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is new england fall foliage similar to that of upper midwest

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ohio
posts: 13
is new england fall foliage similar to that of upper midwest

Have been contemplating visiting New England states this fall...2nd week of October. We have been to New England many times, but not in the autumn. What makes autumn foliage in New England distinctly different from that experienced here each year in Northeastern Ohio?

Ormond Beach...
Destination Expert
for Vermont
posts: 5,975
reviews: 41
1. Re: is new england fall foliage similar to that of upper midwest

We have a ton of sugar maple trees, which turn bright red, crimson & orange.... in addition to the usual yellow's. When the colors are peak, the hills look like a bowl of trix cereal.

Woodstock, Vermont
Destination Expert
for Woodstock
posts: 1,499
reviews: 232
2. Re: is new england fall foliage similar to that of upper midwest

Evening Gleewee,

Not for nothing is Vermont and New England often quoted as having some of the worlds most beautiful foliage.....1000's of maples do add a unique mix to the colour.

Baltimore, Maryland
Destination Expert
for North Conway
posts: 11,373
reviews: 39
3. Re: is new england fall foliage similar to that of upper midwest

I think you should come and then let us know your opinion. It's a can't lose proposition.

Buffalo
Destination Expert
for Buffalo
posts: 2,277
reviews: 42
4. Re: is new england fall foliage similar to that of upper midwest

Plus, it's not just the color -- it's the landscape.

Shaftsbury, Vermont
Destination Expert
for Manchester
posts: 740
reviews: 56
5. Re: is new england fall foliage similar to that of upper midwest

Mostly as Pastiche said what really makes the difference is the landscape. I've been in north eastern Minnesota, and eastern Ohio along that WV border for foliage, and although both places are lovely, they do not match Vermont.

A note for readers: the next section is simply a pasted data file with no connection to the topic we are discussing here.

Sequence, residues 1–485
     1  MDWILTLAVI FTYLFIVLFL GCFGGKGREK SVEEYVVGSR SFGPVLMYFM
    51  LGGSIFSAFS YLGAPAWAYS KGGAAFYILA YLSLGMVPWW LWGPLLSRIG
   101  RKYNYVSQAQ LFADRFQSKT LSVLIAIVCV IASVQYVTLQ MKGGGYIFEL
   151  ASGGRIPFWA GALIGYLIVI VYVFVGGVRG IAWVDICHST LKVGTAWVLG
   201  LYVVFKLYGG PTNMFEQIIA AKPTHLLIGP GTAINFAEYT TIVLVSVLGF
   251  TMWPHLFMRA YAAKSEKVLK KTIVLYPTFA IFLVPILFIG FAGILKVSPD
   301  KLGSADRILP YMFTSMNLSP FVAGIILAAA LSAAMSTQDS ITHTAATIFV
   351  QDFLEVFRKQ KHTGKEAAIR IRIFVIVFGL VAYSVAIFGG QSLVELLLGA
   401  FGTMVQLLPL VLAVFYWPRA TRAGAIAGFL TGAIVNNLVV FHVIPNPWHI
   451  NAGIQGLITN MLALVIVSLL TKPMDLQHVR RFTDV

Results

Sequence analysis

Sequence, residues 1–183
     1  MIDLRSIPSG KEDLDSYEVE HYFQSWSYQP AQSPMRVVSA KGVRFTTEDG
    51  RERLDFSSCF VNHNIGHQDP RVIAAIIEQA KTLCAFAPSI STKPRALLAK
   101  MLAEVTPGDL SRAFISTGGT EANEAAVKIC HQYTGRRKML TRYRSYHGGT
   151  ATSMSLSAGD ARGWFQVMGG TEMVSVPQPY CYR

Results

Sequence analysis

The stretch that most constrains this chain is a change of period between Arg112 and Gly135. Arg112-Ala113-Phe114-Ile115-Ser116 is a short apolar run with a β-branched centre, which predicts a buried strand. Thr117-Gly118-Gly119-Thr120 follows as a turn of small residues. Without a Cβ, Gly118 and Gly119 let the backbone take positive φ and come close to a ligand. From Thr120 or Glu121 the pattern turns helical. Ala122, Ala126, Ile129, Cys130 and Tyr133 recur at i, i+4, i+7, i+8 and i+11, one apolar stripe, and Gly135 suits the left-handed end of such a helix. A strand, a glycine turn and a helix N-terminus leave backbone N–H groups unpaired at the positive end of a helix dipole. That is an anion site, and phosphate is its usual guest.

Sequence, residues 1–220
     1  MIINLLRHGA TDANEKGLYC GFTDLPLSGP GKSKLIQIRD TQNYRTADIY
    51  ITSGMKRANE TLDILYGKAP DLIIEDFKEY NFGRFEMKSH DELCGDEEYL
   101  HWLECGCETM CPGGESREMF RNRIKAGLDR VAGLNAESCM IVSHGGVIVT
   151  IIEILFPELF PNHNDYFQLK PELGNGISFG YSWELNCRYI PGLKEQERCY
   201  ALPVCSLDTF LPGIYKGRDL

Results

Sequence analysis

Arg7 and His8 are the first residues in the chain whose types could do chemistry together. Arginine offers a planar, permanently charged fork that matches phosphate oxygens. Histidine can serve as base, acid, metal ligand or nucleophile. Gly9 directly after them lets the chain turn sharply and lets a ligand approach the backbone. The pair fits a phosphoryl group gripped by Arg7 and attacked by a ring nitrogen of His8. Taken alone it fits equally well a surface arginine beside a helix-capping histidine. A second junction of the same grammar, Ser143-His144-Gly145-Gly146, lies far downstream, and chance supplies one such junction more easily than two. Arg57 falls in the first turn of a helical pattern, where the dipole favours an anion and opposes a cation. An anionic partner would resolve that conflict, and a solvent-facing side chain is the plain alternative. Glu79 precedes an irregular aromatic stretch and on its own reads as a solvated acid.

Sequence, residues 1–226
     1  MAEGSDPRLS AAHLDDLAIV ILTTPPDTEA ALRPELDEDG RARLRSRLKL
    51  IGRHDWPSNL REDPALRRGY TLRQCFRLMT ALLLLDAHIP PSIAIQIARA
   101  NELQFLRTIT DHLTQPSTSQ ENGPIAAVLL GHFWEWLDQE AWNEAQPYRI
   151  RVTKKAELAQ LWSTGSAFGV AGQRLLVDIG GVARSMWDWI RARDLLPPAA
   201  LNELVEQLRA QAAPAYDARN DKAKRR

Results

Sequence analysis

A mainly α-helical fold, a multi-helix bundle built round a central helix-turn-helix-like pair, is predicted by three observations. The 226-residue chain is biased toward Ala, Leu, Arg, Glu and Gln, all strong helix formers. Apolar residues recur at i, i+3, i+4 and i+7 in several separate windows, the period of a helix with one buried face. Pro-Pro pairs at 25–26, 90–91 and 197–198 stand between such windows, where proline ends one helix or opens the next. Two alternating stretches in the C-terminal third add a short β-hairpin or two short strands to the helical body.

We have that nice mix of types of trees, the long breath taking views, sweet tiny old villages, and those covered bridges.

Salem, Massachusetts
posts: 3
6. Re: is new england fall foliage similar to that of upper midwest

there's so many ways that the fall foliage in New England is different from the Midwest.

First according to the forestry officials we have a greater number of deciduous trees that turn color (something north of 70 varieties).

As was stated above sugar maples are our bread and butter and we have quite a number of them.

Another factor is that in New England most towns take a lot of pride in not being progressive and year just as likely to find a general store and a one pump gas station to go with the little white church and the bandstand sitting on the village green.

there are many towns, especially in Vermont, that don't look all that different than a did 100 years ago. Actually they probably received a few coats of paint over that time. Things just don't get as updated as they would in Cleveland or Detroit.

Not to say that Boston, Hartford, Providence, or Portland aren't progressive cities, with skyscrapers, thousands of restaurants, and tons to do.

It's when you move away from the city centers that you find rural life is a bit slower paced.